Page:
Why am I writing a post on breastfeeding right now, almost a year after I quit breastfeeding Charlotte? The truth is I’ve had variations of this post drafted in my head, but I never had enough courage to post anything for fear of being judged as a bad mother. Motherhood is an intensely personal experience for me, and breastfeeding in particular is an intensely personal thing. However, I have decided to share my experience in the hopes that some young mom who is also having a hard time will stumble across this post and take comfort in the fact that she is not alone.
I struggled mightily with breastfeeding Charlotte due to an improper latch that I could not correct no matter how hard I tried. When I did eventually stop breastfeeding and switch to formula when Charlotte was only 4 weeks old, I tortured myself about it for days–months even. There are moments even now, almost a year later, when I still think, “I should have kept trying.”
But in those early days, I didn’t see how I could keep trying. I was mentally exhausted from having to psych myself up for every feeding, only to have it be painful and stressful; I was physically exhausted because of the lack of sleep that accompanies caring for a newborn; and I was emotionally exhausted because I never expected the basic act of feeding my child to be so painfully difficult. It wasn’t as if I didn’t try: I read books, blog posts and forum discussions; I watched online videos; I sought help from friends; I visited a lactation consultant. Still the problems with latching persisted, and every feeding was a source of extreme anguish for me. I cried and prayed and cried some more. I tried pumping as well, but was barely able to pump enough to keep up with Charlotte, and pumping was also painful. I didn’t know what else to do.
Despite assurances from Stephen that it was okay if we had to switch to formula, I wrestled with the decision. The truth is, I felt like a failure for not being able to do what only a mother can–breastfeed. Almost all of my friends with children breastfed their babies, so of course I felt like less of a mother when it didn’t work out for me. In some strange way I even felt as though I must have let all of my friends down, though I know they would never say that. In addition, I felt like I let Charlotte down, which I know is ridiculous. She had no expectations, no realization of what was going on. All she knew is that when she was hungry, she would be fed, and it was enough for her. But not for me.
What convinced me to give it a rest and switch to formula were my feelings toward Charlotte. While I had loved her from the moment I held her in my arms, I had begun to feel resentment toward her because she wouldn’t “cooperate” and latch properly. (Even writing that makes me cringe inside.) These feelings made me feel terrible, and the last thing I wanted to do was resent my sweet baby girl. And while I truly believed that breastmilk is best (and still do), I also knew that it was best for Charlotte to have a mom who wasn’t stressed and verging on an emotional breakdown.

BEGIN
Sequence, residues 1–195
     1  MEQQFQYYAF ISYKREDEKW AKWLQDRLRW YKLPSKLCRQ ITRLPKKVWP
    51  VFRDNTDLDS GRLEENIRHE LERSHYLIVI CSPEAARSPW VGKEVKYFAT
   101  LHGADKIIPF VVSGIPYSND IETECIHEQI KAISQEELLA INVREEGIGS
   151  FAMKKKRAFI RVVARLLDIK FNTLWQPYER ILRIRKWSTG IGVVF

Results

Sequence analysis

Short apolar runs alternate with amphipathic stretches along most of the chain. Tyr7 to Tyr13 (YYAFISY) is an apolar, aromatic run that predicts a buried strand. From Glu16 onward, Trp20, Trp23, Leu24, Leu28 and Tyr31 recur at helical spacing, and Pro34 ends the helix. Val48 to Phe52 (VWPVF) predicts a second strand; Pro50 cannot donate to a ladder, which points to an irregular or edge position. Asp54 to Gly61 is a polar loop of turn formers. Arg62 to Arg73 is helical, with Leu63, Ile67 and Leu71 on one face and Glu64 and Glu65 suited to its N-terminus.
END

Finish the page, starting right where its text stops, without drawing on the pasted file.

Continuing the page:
The amount of relief I felt when I finally gave up was tremendous. I felt such a burden lift from my soul, and I was able to focus more fully on Charlotte instead of obsessing about breastfeeding 24 hours a day. Our family was happier, and I was calmer and less anxious and tearful.
Anyone who is a mother is familiar with “mom guilt,” and I became acquainted with it very early on in my days as a mother. I want to say I have made my peace with stopping breastfeeding, but I still mourn the loss of those months of nursing that I didn’t have. Every time Charlotte got an ear infection, I wondered if it was because I didn’t breastfeed her longer. I cringed inwardly the first few times we had to buy formula because it is expensive and breastfeeding is free. I secretly blamed myself when she got tubes, telling myself that if I had just breastfed her, her immune system would have been stronger, and she wouldn’t have had so many problems. In the end, none of that matters. I can’t go back and change the past. I can’t erase what’s already been done. I have to stop myself when I go down that road of guilt and remorse because it takes me away from the peace of Christ. Guilt is not constructive; it is a tool of the enemy, and I have to recognize it and work against it before it consumes me.
I don’t know why breastfeeding didn’t work out for me, but I know that God ordained Charlotte for our family, and I take great comfort in the fact that she is growing and thriving and happy and healthy. Ultimately, what more could I ask for?